Population Culture and how they Influence High-Risk Nutritional Behaviors

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PopulationCulture and how they Influence High-RiskNutritional Behaviors

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PopulationCultures and how they Influence High-RiskNutritional Behaviors

Culture,which is defined as the beliefs, knowledge, habits, and customs thatare shared by people in a community significantly influence whatpeople eat and how they behave. Additionally, most of the ethnicgroups adopt their culturally based food habits and foods that arethe difference and unique. As a result, in most cases, the traditionsin one population is influenced and adopted through the use ofmainstream culture that is passed from one generation to another.Consequently, it is evident that the huge disparities in mortalityand morbidity that is prevalence in different populations cannot bevividly explained through biomedical factors. Rather, the disparitiescan be understood through the various patterns of lifestyle andcultures that are shaped by people’s behavioral and socialcomponents. As a result, this paper explores ten different culturesand how these cultures impact high-risk nutritional behaviors:

  1. Chinese Culture

TheChinese culture forms a heritage that is difficult to exploreespecially when examining the nutritional and health risk factors.The Chinese culture allows men and teenagers to engage in smoking andalcohol consumption. Additionally, most of the Chinese are educatedfamilies believe that it is their duty to observe the nutritionalconcern. Their culture is based on beliefs that when offering thefood to their guests during the day or night, the food should be a&quotwell-balanced&quot and healthy diet for human consumption.Moreover, Chinese believe that food is the most crucial thing tofocus on when serving the guests in a house.

However,alcohol consumption, especially among the 18 to 19 years old men andold women is not controlled by the Chinese culture. As a result,smoking and consumption of alcohol kill millions of people in Chinaannually (Kimuraetal.,2009).

  1. American culture

Inthe recent past, the culture in the United States has changeddrastically due to population growth and inhabitation by manydifferent ethnic and cultural groups. As a result, in the UnitedStates, there are diverse ethnic beliefs, educated people, familypractices, and eating habits and food preferences. Kittler,Sucher, &amp Nelms (2011) argue that thefood mainstreams in America are not influenced by education or familypractices but by the presence of the ethnic cultures. Because of beenbusy in education and workplaces, Americans has adopted foods in thefast-food restaurants and other hotels that offer take-outrestaurants that offer a wide-range of food selections such asfalafel, pizza, egg rolls, tacos, hamburgers, and tandoori.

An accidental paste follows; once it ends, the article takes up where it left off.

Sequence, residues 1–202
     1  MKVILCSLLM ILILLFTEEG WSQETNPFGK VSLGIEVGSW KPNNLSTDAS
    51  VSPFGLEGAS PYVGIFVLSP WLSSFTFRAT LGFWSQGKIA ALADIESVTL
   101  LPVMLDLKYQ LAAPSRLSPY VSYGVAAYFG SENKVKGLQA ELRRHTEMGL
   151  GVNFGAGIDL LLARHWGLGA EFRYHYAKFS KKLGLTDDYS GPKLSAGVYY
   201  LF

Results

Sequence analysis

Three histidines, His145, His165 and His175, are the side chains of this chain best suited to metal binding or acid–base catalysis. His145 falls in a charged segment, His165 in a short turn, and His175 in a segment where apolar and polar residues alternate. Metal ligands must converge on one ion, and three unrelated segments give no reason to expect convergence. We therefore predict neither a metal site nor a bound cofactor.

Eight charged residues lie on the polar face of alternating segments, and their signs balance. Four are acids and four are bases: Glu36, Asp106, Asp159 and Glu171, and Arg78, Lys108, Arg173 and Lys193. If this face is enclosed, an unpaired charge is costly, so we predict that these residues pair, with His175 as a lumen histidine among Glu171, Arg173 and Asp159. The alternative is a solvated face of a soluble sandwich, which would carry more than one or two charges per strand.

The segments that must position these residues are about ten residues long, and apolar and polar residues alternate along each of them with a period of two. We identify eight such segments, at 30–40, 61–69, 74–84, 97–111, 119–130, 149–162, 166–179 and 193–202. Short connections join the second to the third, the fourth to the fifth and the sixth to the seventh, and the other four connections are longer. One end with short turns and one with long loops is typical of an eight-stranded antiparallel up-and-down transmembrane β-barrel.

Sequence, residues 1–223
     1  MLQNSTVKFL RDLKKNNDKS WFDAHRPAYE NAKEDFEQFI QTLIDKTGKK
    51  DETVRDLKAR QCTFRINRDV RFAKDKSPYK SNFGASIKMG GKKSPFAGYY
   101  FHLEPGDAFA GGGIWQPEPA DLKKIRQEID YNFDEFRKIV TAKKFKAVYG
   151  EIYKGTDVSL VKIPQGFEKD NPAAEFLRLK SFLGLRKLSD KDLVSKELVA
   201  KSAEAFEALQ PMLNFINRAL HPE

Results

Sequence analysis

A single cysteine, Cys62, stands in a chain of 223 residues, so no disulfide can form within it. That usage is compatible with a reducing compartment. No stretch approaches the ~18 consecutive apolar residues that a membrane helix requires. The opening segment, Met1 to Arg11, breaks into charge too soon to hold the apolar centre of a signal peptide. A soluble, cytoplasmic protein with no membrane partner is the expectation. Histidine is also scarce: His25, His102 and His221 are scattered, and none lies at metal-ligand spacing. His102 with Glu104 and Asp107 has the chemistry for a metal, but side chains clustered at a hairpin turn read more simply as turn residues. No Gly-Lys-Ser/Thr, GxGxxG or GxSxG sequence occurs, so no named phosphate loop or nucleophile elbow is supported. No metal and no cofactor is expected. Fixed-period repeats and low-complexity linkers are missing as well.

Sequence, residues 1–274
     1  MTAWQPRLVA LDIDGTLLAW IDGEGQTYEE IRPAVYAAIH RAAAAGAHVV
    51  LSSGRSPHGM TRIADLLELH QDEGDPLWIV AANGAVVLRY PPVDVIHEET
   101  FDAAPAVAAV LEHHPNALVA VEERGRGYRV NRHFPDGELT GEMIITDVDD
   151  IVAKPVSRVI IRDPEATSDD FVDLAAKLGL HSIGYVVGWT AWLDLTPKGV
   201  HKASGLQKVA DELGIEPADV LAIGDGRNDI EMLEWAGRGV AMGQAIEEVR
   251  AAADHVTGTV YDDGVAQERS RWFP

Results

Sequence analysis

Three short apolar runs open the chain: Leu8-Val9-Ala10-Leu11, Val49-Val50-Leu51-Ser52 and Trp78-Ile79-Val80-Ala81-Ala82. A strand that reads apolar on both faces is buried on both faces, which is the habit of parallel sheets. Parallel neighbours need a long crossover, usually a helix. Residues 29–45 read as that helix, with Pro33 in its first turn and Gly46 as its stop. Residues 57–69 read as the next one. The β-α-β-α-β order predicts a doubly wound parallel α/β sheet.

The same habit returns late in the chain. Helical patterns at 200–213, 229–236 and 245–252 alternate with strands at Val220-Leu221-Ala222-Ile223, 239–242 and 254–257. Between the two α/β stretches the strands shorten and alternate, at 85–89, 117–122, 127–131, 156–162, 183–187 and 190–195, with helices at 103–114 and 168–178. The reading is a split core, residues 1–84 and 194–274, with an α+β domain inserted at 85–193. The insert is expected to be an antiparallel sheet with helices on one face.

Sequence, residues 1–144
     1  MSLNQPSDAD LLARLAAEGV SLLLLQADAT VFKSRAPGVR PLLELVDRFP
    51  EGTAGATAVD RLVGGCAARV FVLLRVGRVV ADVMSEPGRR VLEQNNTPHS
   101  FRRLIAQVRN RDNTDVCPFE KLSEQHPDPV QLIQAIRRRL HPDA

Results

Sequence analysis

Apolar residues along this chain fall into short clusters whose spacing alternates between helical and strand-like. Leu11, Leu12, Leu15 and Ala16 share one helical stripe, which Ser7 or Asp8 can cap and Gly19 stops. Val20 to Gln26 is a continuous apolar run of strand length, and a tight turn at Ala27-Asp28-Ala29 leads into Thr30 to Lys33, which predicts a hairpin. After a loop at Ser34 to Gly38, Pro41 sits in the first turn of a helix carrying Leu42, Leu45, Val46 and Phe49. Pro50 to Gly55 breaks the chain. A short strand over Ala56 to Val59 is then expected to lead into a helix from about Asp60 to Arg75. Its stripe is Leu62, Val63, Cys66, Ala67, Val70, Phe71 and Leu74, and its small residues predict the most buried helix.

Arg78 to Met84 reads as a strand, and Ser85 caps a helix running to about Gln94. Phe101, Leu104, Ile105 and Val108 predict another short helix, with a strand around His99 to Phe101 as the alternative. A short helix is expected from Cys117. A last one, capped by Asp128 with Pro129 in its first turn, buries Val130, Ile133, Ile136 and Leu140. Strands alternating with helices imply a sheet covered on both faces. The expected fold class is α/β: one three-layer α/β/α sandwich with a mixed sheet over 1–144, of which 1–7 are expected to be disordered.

Thesebehaviors have highly contributed to the increased rate of diseasessuch as diabetes because there is no diet balancing in the foodsconsumed by most Americans.

  1. African Americans

Inthe United States, African Americans are treated as the minoritygroups and their cultures are difficult to understand. According toRenzahoand Mellor (2010),there is a need to have a nutritional intervention for the AfricanAmericans because their lifestyle, socioeconomic status, and eatinghabits have contributed to increased cases of diabetes, obesity, andhypertension. Among the African Americans’ culture, their level ofeducation and socioeconomic status influences their diet. This isbecause their diets are based on their health beliefs that are passedfrom one generation to the other and are still observed to date.

However,their beliefs and level of education are poor thus the maincontributing factor in the increased rate of communicable diseases.For example, corns, green leafy vegetables, starchy vegetables,breaded or fried meat, grains, and whole milk are foods that areoften consumed by African Americans. However, the culture supportshealth literacy because there is no adequate communication betweenthe African Americans and the health educators on food choices andthe impact created on their health.

  1. Asian-Indians culture

AsianIndians is a group of immigrants that has continued to occupyAmerica. This group of people is so diverse based on their religiousbeliefs and the various religion practices. As a result, AsianIndians predominant in the Hinduism, Islam, Sikhism, Buddhism,Judaism, and Christianity which hinder or support various foods oreating habits. For example, the Asian Indians who are Muslims cannotconsume pork. This means that despite their high education andsocioeconomic status, the different religions observe varying dietarycodes and laws when feasting and fasting thus influencing theireating habits.

However,in the United States, Asian Indians immigrants are facing healthissues such as hypertension, diabetes, obesity, and cardiovasculardisease due to the complications in their eating habits created bytheir religious beliefs (Venkatesh,Weatherspoon, Kaplowitz, &amp Song, 2013).For example, based on their ethnic foods selection, Asian Indians’main meals revolve around doughnuts, cookies, traditional sweets andother western pastries this is not a balanced diet thus the rampanthealth issues among the Asian Indians.

  1. Mexicans’ culture

Culturally,food is an essential part of the Mexicans’ way of life. However,because of the poor eating habits, the incidences of type 2 diabetesare very rampant both in the Mexicans and in Mexican-Americans.Socially, the Mexicans have wealth and well educated regardingnutritional and dietary. For example, the eating habits of theMexicans are based on their mainstreams and acculturation dietarypractices.

Forexample, Mexicans are used to varieties of pork and beef cuts, fish,and poultry that are consumed together with tripe, oxtail, andgrains. Traditionally, Mexicans are used to roasted meat, buttermilkthat is used when making biscuits, better and cornbread. As a result,Americans consume a lot of cholesterols from the fatty componentsthat subject them to obesity, cardiovascular diseases, and diabetes.

  1. Pakistan Cultures